For Historic Trenton’s Day in the Life, we’re looking back through newspapers from the beginning and examining everyday problems, solutions, and needs during historic Trenton’s past. Today, we return to May 5, 1909 when Mayor Walter Madden questioned the New Jersey and Pennsylvania Traction Company; one of the railroads that ran through Trenton during the early 1900’s.
The railroad also supplied the trolley cars that populated Trenton Streets during this era. According to the Trenton Evening Times, the mayor was revoking the licenses of the cars run by the New Jersey and Pennsylvania Traction Company to get them to comply with the reestablishment of a five-cent fare to Yardley, PA. The hope was to end the dispute between the City of Trenton and the railroad company.
At Cadwalader Park, the first cornerstone of the Soldiers and Sailors Monument was laid. It came after 18 years of petitioning from the Mercer County Soldiers and Sailors Monument Association. The statue was to honor the soldiers lost during the Civil War, or as the Trenton Times called it, the rebellion. It was the 47th anniversary of the Battle of Williamsburg, Virginia, a notable Union victory where many Mercer County soldiers fought, and several Trenton men gave up their lives. The principal speaker at the event was general James Fowler Rusling. Today marks the 160th anniversary of the Battle of Williamsburg.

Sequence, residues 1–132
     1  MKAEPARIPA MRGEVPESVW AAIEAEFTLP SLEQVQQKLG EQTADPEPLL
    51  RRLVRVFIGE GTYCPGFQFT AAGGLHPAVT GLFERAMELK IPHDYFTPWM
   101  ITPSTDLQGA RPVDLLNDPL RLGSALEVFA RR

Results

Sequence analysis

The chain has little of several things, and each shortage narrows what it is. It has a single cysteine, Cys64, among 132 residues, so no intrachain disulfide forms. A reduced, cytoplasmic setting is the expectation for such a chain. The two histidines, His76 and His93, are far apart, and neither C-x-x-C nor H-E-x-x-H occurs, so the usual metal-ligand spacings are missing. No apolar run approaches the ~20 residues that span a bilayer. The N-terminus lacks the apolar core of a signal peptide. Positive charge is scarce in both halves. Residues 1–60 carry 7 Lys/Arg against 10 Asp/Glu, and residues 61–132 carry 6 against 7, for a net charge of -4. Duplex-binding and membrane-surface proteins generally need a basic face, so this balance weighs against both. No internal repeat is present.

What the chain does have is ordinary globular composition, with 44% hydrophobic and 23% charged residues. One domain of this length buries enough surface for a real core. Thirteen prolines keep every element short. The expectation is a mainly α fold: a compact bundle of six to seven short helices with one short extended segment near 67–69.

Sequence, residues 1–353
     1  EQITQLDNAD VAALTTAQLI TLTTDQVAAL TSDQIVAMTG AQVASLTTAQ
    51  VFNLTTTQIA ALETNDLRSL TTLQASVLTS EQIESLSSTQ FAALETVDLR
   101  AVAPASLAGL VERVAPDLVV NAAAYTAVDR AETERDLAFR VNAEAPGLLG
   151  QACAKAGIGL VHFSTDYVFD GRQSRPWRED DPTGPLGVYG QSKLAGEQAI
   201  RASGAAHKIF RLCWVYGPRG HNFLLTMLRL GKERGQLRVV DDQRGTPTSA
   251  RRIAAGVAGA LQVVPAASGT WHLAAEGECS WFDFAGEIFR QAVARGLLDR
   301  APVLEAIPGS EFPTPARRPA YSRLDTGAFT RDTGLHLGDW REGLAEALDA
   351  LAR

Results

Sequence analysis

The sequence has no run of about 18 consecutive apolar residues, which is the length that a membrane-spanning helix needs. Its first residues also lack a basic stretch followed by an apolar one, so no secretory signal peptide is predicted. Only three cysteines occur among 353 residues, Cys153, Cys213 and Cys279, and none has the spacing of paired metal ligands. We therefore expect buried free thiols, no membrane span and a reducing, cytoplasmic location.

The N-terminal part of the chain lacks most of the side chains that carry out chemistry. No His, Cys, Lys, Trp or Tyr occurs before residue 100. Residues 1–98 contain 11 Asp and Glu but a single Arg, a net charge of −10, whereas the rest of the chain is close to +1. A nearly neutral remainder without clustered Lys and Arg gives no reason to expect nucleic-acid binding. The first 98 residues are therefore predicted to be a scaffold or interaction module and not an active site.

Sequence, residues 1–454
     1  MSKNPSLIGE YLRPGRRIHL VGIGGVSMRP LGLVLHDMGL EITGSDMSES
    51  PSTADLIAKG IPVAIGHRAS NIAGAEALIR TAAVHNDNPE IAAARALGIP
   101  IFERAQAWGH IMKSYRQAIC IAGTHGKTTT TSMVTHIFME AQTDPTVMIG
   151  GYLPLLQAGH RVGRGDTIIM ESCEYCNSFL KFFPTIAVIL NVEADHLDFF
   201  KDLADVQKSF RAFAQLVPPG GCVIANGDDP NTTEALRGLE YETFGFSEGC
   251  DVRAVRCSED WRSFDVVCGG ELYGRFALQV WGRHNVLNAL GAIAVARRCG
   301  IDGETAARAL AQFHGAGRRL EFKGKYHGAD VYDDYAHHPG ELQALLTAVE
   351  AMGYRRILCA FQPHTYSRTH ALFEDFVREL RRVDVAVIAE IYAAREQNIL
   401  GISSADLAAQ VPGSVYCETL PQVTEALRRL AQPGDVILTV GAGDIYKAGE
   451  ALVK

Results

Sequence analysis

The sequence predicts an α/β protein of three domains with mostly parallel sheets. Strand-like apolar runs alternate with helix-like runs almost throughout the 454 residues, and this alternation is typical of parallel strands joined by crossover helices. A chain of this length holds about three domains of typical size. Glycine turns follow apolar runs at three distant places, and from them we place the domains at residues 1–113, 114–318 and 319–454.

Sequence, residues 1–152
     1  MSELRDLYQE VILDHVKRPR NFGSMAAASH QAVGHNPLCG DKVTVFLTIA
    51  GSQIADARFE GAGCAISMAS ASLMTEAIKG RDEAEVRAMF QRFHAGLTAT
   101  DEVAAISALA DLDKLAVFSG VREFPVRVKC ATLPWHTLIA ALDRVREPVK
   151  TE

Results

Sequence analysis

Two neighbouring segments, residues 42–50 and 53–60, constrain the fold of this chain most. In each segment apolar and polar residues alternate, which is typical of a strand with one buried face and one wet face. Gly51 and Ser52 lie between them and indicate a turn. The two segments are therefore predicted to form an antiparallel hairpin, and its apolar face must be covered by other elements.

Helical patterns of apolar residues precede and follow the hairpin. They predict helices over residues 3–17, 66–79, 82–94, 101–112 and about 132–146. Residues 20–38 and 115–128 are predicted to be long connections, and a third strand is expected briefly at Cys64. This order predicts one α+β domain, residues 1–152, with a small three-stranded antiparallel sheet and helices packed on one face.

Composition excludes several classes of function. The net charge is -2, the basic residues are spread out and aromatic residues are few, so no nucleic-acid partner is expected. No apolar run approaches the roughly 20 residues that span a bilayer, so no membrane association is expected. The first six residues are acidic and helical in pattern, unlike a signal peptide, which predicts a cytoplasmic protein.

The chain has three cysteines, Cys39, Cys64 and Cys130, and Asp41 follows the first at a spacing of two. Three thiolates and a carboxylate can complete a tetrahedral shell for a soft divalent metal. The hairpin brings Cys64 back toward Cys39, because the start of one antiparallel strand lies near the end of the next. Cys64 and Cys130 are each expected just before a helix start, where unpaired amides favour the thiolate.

According to The Historical Marker Database, native Trentonian Frank Palmer Price was the model depicted as the soldier on the statue. Price served two tours during the Spanish-American War in the Fife, Drum, and Bugle Corps. Molds of him were then sold across the country to be used in statues and memorials.
Henry C Kelsey was making headlines as he declined the appointment to the Board of Directors of the Industrial arts school. The school provided night classes to factory workers, and the positions were given to him by Governor Fort after the registration of Karl G Roebling. Following the death of his wife, Kelsey started donating large sums of money to his wife’s church and the hospital where she died.
Kelsey had no previous connection to the School of Industrial Arts but still donated a building to the school. Kelsey declined the offer due to the time he would spend in Europe. “As usual, I shall go to Europe this year’ he said. ‘Being away several months, I think there should be men on the board who will be on hand to look after the school’s best interests.”
Lastly, The Trenton Evening Times was celebrating an opportunity given to one of their reporters from Common Council, what would be known as City Council today. The City Hall reporter Harry D Conover had his articles placed on the cornerstone of the new city hall. The resolution was brought forward by Councilman William W Large of the First Ward. It read, “Whereas, the Trenton Evening Times has published a series of articles on the government of this city which has presented a complete form of the history and method of operation of each department.”